An hour south of Berbera is the town of Sheikh, at the foot of a mountain of the same name.
The road goes up and over the mountain, and it’s a very pretty drive. Some of the view points have great views out over the surrounding hills. On a clear day (i.e. most days), you can see for miles.
This is a fantastic area for walking. It’s much greener and cooler here than the coast, which can often be unpleasantly hot and humid. Speak to staff at your hotel in Berbera, who should be able to help organise this.
There’s not a huge amount to do in Sheikh itself. But it’s a nice place to stop for lunch or a tea, sit and chat to the locals.
How To Get To Somaliland
There are two main ways to get into Somaliland: overland from either Ethiopia or Djibouti, or by air.
If you’re coming overland from Ethiopia, catch a bus from Harar to Jijiga, then a minibus to Wajaale, the (garbage-strewn but reasonably friendly) border town. From here, you can either take a minibus or a shared taxi to Hargeisa. It’s pretty straightforward. If you get stuck, just ask someone.
(Check out my article on Ethiopia, here.)
Travelling overland from Djibouti is less common, but definitely possible. Ask around in Djibouti City for the 4x4s that go from here to Hargeisa. You definitely need a 4×4 for this journey, the road is pretty non-existent for much of the way.
For those preferring to fly to Somaliland, you can do so from Addis Ababa, Djibouti City or Dubai (with Ethiopian Airlines, Air Djibouti or Fly Dubai). I always prefer overland travel, but flying would certainly save you time.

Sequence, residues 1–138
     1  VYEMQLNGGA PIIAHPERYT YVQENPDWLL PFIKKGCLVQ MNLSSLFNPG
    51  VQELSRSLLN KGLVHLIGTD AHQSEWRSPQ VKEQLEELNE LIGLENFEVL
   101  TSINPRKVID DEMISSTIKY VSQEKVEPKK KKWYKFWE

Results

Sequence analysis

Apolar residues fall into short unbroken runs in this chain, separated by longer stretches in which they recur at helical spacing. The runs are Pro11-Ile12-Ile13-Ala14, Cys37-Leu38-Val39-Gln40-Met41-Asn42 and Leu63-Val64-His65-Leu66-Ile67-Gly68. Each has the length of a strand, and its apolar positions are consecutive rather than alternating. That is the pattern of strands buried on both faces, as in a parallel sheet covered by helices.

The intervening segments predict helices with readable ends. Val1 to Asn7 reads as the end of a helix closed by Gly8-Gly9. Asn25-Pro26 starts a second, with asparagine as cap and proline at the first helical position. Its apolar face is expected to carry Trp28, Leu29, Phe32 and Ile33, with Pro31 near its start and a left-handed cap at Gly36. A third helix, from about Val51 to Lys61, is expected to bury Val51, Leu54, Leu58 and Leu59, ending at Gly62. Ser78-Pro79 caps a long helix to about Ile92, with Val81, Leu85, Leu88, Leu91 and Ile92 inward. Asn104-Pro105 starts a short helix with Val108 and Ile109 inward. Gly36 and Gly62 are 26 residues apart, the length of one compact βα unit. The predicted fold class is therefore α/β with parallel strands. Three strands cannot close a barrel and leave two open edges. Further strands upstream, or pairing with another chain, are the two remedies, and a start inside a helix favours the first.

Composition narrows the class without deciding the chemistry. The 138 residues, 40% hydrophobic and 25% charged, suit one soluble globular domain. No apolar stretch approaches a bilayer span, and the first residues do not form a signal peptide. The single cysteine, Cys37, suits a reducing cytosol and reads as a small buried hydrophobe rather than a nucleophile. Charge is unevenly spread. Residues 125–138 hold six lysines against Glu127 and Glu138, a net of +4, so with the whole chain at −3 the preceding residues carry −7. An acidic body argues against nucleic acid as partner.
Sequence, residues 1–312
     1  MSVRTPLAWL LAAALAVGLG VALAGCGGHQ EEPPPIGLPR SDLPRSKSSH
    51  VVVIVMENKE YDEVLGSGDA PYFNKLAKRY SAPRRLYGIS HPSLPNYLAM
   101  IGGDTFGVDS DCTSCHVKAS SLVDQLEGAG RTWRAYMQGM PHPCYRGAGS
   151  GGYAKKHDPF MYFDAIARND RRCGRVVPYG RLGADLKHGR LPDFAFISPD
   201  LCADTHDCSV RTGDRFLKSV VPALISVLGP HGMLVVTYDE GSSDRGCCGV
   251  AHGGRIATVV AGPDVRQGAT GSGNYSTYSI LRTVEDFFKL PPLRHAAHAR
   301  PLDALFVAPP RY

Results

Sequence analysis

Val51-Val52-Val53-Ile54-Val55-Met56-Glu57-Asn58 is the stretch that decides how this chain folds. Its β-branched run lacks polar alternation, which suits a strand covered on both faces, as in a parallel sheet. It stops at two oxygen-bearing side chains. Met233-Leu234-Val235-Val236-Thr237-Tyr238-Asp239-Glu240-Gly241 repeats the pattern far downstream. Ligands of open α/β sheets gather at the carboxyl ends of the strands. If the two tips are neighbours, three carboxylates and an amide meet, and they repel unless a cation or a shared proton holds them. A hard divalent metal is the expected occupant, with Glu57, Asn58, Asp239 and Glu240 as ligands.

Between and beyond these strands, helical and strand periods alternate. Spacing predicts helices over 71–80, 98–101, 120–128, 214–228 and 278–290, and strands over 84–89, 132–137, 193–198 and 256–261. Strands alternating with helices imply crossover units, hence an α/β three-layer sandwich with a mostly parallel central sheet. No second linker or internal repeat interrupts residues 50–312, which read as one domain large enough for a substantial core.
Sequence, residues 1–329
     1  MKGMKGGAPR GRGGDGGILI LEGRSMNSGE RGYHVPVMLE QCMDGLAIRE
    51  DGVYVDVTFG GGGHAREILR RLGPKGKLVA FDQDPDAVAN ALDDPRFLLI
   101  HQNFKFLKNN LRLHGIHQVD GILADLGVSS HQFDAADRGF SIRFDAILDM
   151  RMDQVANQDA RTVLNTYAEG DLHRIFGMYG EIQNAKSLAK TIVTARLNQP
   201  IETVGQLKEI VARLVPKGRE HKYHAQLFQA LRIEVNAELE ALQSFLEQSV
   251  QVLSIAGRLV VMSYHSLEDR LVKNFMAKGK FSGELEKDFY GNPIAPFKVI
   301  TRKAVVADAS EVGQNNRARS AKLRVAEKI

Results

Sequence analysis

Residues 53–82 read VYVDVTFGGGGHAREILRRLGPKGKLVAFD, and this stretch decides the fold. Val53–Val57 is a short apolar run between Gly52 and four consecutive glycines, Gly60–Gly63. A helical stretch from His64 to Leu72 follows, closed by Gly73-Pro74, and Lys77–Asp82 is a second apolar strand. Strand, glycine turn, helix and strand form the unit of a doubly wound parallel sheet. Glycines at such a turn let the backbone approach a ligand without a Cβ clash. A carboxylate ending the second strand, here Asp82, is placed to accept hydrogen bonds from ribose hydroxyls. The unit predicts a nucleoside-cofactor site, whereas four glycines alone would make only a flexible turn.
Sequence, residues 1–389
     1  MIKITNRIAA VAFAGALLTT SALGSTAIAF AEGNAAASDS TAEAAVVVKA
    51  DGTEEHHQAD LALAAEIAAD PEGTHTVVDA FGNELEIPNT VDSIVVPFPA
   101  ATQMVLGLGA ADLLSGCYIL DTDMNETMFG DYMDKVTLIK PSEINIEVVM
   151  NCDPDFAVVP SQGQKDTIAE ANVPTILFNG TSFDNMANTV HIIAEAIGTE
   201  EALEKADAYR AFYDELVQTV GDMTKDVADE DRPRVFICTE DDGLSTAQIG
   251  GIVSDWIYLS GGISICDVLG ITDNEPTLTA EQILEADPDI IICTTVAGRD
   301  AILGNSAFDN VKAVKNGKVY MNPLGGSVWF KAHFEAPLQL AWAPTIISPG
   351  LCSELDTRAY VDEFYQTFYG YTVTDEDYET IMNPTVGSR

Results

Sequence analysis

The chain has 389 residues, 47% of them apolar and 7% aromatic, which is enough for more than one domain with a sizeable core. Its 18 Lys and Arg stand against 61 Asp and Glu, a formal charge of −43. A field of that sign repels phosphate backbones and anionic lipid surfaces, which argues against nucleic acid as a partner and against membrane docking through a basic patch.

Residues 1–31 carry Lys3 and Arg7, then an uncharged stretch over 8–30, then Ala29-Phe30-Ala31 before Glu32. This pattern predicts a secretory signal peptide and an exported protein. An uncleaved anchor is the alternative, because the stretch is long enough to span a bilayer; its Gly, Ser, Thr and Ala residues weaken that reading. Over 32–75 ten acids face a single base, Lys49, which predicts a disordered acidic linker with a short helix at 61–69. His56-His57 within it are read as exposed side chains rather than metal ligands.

I have heard that it might be possible to enter Somaliland via a boat from Oman. But I haven’t attempted this and don’t have any further info.
How To Get Around
It should be easy to get around when backpacking in Somaliland.
Minibuses travel frequently between Hargeisa and Berbera, and a few other destinations.
To get to other destinations, including Laas Geel and Sheikh, you’ll probably need to take a shared taxi. These are easy to organise, just ask around.
There’s only one catch…
It’s a bit of a hassle, but if you’re patient and persistent (and follow the below tips), you’ll be fine.
In order to travel anywhere beyond Hargeisa, you need to have EITHER an armed guard (known as a “Special Protection Unit”, or “SPU“) OR an SPU waiver form. Either way, you’ll also need a travel permit. There are many checkpoints on the roads, and the police will demand to see your permit and SPU waiver (if you choose not to hire an armed guard).
The armed guard really isn’t necessary in terms of safety, but “the Minister of Tourism takes the safety of visitors VERY seriously“. (That’s what they told me anyway.)